Two Massachusetts casinos have been cleared by state gambling regulators to start offering roulette games again.
Two Massachusetts casinos have been cleared by state gambling regulators to start offering roulette games again.Massachusetts casinos cleared to offer roulette games https://t.co/IuU08RPYqv pic.twitter.com/zIMmxeAwjX
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The Massachusetts Gaming Commission on Thursday unanimously voted to allow Encore Boston Harbor in Everett and MGM Springfield to offer roulette with modifications, including a limit of three players per table divided by plexiglass shields.
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The state’s three casinos were closed for about four months because of the coronavirus pandemic, but were allowed to reopen in July at limited capacity.
Slots, blackjack and smaller poker games are now allowed, but capacity remains limited.
The state’s third casino, Plainridge Park in Plainville, offers only electronic games.
Casinos in nearby states have already started offering roulette safely, the commission noted.
A spokesperson for Encore welcomed the decision.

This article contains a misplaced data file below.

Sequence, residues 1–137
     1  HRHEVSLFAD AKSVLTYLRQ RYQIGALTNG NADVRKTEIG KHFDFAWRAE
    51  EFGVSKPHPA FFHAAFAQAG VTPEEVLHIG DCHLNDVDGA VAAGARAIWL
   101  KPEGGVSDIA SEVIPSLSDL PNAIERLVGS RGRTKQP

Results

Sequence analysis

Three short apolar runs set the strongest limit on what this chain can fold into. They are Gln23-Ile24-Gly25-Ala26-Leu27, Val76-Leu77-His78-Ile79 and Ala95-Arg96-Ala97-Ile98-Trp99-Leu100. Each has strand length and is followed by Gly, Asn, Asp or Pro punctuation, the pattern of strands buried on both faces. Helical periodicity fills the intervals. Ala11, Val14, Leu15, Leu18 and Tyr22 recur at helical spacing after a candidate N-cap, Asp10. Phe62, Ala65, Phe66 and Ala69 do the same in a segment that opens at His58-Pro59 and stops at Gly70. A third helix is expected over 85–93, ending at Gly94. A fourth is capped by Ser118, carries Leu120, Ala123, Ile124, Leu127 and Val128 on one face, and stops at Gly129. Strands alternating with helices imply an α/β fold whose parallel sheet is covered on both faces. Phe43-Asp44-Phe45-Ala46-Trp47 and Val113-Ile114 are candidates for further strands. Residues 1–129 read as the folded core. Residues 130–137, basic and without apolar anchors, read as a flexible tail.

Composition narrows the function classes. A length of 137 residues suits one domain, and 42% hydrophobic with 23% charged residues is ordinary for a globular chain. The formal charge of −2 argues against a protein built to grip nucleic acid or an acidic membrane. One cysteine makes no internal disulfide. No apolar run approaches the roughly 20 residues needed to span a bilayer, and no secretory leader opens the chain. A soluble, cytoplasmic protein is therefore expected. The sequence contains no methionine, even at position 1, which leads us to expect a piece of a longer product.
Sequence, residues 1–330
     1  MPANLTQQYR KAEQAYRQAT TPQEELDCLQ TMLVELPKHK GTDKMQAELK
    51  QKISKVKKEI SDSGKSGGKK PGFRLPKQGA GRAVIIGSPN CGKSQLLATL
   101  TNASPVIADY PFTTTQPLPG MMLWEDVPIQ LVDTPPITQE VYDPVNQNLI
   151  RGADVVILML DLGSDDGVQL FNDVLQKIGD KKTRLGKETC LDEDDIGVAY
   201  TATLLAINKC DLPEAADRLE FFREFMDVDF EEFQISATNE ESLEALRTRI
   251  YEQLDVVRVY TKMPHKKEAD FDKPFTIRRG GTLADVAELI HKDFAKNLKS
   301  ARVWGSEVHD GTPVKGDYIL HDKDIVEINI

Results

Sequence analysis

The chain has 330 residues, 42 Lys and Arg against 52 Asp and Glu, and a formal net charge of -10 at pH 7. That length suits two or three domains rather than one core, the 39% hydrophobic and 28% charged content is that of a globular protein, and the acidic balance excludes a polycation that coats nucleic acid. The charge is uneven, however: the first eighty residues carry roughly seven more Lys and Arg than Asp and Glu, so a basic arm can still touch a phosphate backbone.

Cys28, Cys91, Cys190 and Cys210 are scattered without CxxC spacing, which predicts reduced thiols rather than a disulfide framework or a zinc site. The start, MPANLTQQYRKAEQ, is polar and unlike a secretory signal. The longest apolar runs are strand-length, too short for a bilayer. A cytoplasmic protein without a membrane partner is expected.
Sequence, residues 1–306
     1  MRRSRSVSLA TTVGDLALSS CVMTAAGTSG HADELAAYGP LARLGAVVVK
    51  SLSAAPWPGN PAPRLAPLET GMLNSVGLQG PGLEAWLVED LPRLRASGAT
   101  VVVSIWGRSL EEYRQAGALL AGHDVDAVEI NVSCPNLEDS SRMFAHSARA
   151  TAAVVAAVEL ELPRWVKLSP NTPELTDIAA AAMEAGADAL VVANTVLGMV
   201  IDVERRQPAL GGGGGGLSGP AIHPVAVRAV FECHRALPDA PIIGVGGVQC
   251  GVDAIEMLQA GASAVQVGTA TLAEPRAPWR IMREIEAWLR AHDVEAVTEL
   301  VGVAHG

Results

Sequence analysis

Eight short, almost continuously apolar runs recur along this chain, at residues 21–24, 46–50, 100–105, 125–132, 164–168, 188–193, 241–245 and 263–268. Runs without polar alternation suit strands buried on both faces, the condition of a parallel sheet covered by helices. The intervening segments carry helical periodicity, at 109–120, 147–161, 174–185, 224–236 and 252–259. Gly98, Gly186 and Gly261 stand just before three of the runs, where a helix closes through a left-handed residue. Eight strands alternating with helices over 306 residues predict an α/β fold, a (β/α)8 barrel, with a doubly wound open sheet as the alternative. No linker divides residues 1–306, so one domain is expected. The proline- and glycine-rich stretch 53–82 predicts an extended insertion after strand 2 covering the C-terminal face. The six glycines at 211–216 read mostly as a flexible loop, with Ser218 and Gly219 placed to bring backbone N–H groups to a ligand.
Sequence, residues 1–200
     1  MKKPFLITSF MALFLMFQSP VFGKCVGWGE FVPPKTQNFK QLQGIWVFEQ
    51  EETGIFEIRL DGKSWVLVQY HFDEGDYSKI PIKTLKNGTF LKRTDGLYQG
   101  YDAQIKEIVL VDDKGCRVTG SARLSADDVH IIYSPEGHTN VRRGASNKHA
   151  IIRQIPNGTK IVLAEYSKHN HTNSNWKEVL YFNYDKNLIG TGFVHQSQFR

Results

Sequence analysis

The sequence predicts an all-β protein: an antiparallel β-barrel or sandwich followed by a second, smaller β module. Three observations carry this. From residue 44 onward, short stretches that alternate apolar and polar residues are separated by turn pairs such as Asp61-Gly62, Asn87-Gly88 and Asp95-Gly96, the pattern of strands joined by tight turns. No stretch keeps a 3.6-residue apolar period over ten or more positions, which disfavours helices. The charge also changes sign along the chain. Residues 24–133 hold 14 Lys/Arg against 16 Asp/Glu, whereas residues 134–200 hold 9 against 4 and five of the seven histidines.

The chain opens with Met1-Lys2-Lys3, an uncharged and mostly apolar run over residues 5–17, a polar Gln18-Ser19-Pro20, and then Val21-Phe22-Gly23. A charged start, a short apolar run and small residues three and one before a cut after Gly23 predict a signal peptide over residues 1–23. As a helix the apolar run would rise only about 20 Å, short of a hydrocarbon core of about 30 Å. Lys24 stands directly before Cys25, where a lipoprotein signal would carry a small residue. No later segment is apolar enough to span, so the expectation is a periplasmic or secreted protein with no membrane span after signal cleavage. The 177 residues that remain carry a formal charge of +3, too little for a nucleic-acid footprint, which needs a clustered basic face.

“To ensure the safety of our guests and employees, we will continue to implement extensive health and disinfection procedures at roulette tables that are similar to protocols in place at our other table games,” he said.
FALL SPORTS POSTPONED
The second largest city in Massachusetts has postponed all fall high school sports because the community’s coronavirus transmission rate remains high.
Worcester officials on Thursday said fall sports including football, soccer and field hockey could now be played during an abbreviated season scheduled to start in late February called Fall II.
Worcester is one of dozens of communities in the state considered high-risk hotspots for the disease, according to the state Department of Public Health, meaning that the city’s average daily case rate is higher than eight positive cases per 100,000 residents.
The decision affects six public schools and two parochial schools.
“I feel super bad for the kids and coaches,” Worcester Public Schools athletic director Dave Shea told The Telegram & Gazette. “It would have been more ideal to play now than in fall II, but when it comes to the safety and wellbeing of all our athletes, coaches and everyone involved, I have to side on caution and I have to listen to the people above me saying this is the best thing to do right now.”
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